Best Apps for City Transit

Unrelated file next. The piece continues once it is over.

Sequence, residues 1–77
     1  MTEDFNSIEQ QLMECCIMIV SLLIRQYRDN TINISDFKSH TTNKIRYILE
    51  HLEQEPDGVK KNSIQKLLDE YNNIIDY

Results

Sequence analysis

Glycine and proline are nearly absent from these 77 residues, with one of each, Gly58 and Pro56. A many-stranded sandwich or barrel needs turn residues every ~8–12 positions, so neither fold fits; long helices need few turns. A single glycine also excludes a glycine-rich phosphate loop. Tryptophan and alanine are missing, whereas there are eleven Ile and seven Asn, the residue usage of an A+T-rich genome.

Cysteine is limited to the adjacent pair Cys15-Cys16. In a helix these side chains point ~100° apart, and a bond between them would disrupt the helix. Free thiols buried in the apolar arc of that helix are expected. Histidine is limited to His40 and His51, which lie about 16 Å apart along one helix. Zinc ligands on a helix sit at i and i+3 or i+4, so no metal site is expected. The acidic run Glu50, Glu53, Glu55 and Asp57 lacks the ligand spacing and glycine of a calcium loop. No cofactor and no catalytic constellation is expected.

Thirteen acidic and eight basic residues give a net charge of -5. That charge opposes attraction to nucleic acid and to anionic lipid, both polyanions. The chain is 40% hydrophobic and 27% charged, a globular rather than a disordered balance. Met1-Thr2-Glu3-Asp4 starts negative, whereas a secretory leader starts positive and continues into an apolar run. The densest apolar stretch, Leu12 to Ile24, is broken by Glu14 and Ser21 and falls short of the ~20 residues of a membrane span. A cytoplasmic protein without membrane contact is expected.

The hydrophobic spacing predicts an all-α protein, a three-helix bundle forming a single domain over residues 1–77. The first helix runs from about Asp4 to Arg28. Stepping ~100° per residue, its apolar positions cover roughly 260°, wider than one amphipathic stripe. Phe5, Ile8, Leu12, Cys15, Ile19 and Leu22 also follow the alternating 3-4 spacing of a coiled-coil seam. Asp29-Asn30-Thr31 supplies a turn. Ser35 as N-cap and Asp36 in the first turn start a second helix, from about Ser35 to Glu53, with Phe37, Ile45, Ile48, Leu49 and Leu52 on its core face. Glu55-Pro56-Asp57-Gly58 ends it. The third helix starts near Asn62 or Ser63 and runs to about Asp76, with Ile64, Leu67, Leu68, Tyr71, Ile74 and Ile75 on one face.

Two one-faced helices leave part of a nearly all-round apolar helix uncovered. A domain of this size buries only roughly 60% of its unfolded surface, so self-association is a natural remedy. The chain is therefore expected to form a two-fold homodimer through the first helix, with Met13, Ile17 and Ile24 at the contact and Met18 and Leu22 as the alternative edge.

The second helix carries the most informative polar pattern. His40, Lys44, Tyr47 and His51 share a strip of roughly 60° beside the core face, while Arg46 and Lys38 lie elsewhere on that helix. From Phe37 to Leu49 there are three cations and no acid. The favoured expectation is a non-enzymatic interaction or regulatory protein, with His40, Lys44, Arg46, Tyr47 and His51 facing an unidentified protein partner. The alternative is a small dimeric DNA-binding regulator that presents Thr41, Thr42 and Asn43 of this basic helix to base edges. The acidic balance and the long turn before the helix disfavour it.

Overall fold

Whether you live in or around a major urban center, you'll soon be moving to one, or you visit them often, your biggest gripes may center on transportation concerns. These could include dealing with traffic, avoiding construction, finding the most expedient routes, utilizing mass transit (or other modes of public transportation), getting gas (at a decent price), and addressing the ongoing issue of parking. Luckily, you're not alone in suffering from these automotive annoyances and several app developers have seen fit to outfit you with the mobile tools you need to circumnavigate all of your traffic-related trials and tribulations. Here are a few must-haves when you're trying to find your way around the city. Several major cities (or more specifically, their transportation departments) have come to realize that the wide world of mobile apps can give them the opportunity to ease some traffic problems that are common to the urban landscape. Oregon natives and transplants alike will appreciate TransitTimes Portland, a helpful app that is practically a necessity when navigating this city's intricate web of trains and buses (it not only provides schedules, but allows of cross-town trip planning complete with an itinerary and alerts when the next leg of the journey is about to disembark). The Los Angeles DOT offers GoMetro to help travelers plan routes, find the nearest transit stops, and receive updates about public transportation (delays, cancellations, and so on). San Francisco has Muni+, with bus info and a feature that lets them check the balance on their Clipper card, New York offers NYC Subway to get users around underground, and Washington, D.C. residents can take advantage of Nextbus, an app that helps the public find their way around the city (this app is also available for several other U.S. and world cities). You may have to look around to find similar apps for your own city. But that only takes care of one set of traffic problems. What if you're traversing the city by car and not public transportation? In this case, you cannot do without Google maps, which provides you with all the functionality of your average navigational tool along with a handy street view so that you can actually see the location you're going to for easy identification even from the roadway. And no city-dweller can do without Inrix Traffic, an app that helps to plan your best route based on all available information, including distance, obstructions (accidents, construction, etc.), and real-time traffic. It will even show you the best time to leave for your destination based on traffic patterns. You can also use the wide world of apps to help you find parking. Denver's Parkmobile lets you pay for your parking via smartphone and alerts you when your meter is about to expire, while SFpark (based in San Francisco) tells you where available spots are in busy metropolitan areas based on monitored parking garage entrances and exits, as well as sensors placed at street level to track literally thousands of spots in some of the most popular areas of the city. You probably won't find spaces big enough to fit RV rentals, but a compact-car owner will definitely appreciate the utility of such apps. And of course, the commuters out there will find a lot to love in GasBuddy, a simple app that helps you find the nearest gas stations with the best prices so that you don't get yourself stuck on the freeway indefinitely (thanks to an empty tank).
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